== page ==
My Tryst With Law School and How it Changed Me Not Wholly or in Full Measure, but very Substantially

By Zubin Dash

Some time back, CLATapult asked me to pen down something for its website, regarding CLAT, or my experience at law-school.

At first, I felt a sense of accomplishment in that he thought of my experience worthy of being shared with others. Later though, I must confess, I was at a loss for words.

A loss not because there was nothing to write, but because CLAT and the ‘law-school experience’ are not something one can put down concisely in a single post.

A fair warning, therefore, is in order, that in no way do I claim to be the final word on what ‘the law school experience’ is like. I’ve heard of autobiographical books written by other National Law University (‘NLU’) alumni, and perhaps they would capture a more complete idea of what this experience is.

So if you’re one of those aspirants who’ve qualified for an NLU, and are seeking some sort of direction, one post, or one alumnus can never be indicative enough, and as the law often mandates, corroborate from a number of sources.

Through this post, instead of going on an autobiographical rant, I’ve written a little about the subject itself, and what this law-school ‘experience’ has been for me, all of which is essentially drawn from my own interaction with people and this subject in my little time at NUJS.

There are two aspects to this, one from the point of view of the institution itself, and second, from the point of view of the students. 

From the point of view of the students, law school presents a battery of challenges in the form of the rigorous curriculum as mentioned earlier, yet at the same time, it equips students for life. The fact that one is given readings on a daily basis, which seems a tedious task, develops higher comprehension skills, faster reading ability, since law as a career requires perusing through hundreds of judgments, quickly grasping new legal concepts and applying the same to their work.

Students are also exposed to many modern legal research techniques by being given access to some of the best legal databases in the world and well-stocked libraries.

Thus, don’t be fooled by appearances, on seeing students who walk their hallowed hostel halls in their boxers and flip flops, partying till late in the night, and owing a large part of their grade to Red Bull fueled nights.

The modern law student is one who can handle high-pressure situations and learns to work with deadlines without falling short of expected standards.

In a nutshell, the concept of law school has successfully dispelled the earlier misconception of law students being those who have failed to get into the IITs, medicine or DU, and have, as a last resort turned to law. In fact over the past two decades or so, this field has been attracting an increasing number of the brightest minds of our country.

I was lost for the major part of my first year, trying to choose the best option from the plethora of activities available to a law student.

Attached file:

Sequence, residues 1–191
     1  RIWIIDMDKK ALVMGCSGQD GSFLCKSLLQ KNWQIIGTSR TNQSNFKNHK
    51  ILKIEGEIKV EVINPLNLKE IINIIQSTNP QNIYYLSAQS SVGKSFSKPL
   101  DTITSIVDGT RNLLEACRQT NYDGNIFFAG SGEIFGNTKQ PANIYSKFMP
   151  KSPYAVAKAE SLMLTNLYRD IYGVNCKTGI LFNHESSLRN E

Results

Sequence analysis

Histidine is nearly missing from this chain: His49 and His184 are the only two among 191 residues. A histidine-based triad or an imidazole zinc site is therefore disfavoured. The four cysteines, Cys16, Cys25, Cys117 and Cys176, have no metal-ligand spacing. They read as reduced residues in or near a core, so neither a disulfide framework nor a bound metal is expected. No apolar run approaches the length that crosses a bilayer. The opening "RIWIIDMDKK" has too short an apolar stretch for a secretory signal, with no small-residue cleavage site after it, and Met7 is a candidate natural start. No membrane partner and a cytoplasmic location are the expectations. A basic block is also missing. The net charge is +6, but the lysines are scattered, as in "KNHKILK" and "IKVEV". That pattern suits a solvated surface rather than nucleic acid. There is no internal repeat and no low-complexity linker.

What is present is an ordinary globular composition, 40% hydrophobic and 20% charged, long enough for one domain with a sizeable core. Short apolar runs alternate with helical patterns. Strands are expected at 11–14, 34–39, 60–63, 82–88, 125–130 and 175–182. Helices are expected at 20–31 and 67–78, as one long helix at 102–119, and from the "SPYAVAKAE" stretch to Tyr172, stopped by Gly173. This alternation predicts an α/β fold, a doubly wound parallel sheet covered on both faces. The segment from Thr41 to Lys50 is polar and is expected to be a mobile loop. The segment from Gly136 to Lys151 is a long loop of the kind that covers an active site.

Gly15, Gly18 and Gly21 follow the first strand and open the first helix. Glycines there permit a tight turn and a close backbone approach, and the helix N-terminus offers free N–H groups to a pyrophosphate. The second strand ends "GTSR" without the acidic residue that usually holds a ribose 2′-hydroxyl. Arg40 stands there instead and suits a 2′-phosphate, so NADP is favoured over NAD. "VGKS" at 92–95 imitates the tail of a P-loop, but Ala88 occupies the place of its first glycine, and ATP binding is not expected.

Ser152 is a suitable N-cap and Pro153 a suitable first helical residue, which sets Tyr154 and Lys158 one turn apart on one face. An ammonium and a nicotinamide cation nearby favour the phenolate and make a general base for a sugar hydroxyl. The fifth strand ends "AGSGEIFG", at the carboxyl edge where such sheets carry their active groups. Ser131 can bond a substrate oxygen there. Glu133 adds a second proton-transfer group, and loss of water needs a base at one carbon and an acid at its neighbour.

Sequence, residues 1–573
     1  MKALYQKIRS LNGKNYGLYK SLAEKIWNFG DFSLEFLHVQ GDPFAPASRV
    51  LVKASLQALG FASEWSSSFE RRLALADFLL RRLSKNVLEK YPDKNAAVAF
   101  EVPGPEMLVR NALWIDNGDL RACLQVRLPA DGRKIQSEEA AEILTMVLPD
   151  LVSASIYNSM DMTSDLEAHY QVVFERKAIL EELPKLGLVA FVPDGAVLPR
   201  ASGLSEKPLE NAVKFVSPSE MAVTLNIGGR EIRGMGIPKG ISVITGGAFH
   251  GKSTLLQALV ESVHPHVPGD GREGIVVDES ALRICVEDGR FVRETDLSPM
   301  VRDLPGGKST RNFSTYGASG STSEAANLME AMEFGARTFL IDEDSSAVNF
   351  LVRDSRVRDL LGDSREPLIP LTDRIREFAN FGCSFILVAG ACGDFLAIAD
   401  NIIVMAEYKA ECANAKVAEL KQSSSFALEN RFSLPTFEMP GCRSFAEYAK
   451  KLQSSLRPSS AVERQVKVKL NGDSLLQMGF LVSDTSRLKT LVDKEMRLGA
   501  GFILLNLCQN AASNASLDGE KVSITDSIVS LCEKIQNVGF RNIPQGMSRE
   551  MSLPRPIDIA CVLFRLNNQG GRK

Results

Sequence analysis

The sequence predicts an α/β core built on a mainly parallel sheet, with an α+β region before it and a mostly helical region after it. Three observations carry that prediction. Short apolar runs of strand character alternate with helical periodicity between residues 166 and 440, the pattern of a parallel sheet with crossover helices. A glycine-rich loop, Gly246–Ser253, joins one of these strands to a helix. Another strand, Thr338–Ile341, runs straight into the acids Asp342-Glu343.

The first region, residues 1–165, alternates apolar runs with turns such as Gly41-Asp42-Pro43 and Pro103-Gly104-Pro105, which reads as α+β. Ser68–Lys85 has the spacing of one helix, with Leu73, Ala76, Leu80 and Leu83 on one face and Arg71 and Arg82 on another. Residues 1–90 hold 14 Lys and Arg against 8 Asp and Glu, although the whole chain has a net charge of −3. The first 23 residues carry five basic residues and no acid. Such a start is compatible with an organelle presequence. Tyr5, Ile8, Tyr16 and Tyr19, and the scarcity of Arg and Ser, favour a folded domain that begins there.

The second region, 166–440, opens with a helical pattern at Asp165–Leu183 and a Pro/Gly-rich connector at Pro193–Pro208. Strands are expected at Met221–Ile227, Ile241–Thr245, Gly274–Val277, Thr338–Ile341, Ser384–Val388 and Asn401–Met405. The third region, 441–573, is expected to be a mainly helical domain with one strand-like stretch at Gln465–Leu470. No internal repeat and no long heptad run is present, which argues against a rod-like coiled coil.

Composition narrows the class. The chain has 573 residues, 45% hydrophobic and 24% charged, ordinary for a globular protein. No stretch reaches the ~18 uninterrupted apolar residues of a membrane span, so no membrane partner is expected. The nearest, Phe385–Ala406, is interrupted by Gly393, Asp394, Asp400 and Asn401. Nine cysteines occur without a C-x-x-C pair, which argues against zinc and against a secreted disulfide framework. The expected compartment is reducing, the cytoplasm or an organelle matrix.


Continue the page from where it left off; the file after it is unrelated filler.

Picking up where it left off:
But with time, one manages to find one’s way, one learns the meaning of one’s first moot court victory, or even the sheer pleasure of advancing arguments in a mock court, or parliamentary debate. For in those few minutes, the stage is yours, your views have to be heard, and you are quite literally speaking, at the centre of the limelight.

I remember during my first moot court, a lot of what I learnt during research, I could directly apply to the subjects I was studying. I was now thinking critically, and perhaps the most unique aspect of a moot court is that it requires a student to look at the same issue from both sides.

Often when making arguments, one is required to find loopholes in one’s own arguments, and make better arguments for the other side.

At the same time the exposure one gets is unparalleled. In my first moot, our team got to face some of the best in the world from NYU, Russia and the UK, which made the victories against most of them all the more special. Similarly, this year when NLS won Jessup (read: World Cup of Moot Court competitions), it wasn’t Bangalore that won the competition, but India.

Testimony to this fact was the rare congregation of law students over blogs and social networking sites, putting aside their ‘NLU sibling rivalries’, albeit only for a short moment, and celebrating such an achievement.

Such is the nature of law-school, that the lines between extra-curricular and curricular get blurred, they complement and supplement each other, many of these skills, be it advocacy, or even research are ones that are required in the legal field for all of one’s life. For those who enjoy having their minds engaged, law school caters to their needs to the fullest.

And it doesn’t stop at moot courts or debates, culture is an integral aspect of law-school as well.

Music, dance and stand-up events happen through the year, and such events bring with them students from other law schools and such events are generally looked forward to by all.

A batch-mate of mine is perhaps one of the best jazz dancers I’ve seen (while there are two others who make me question as to whether this freedom to dance should be applicable to all).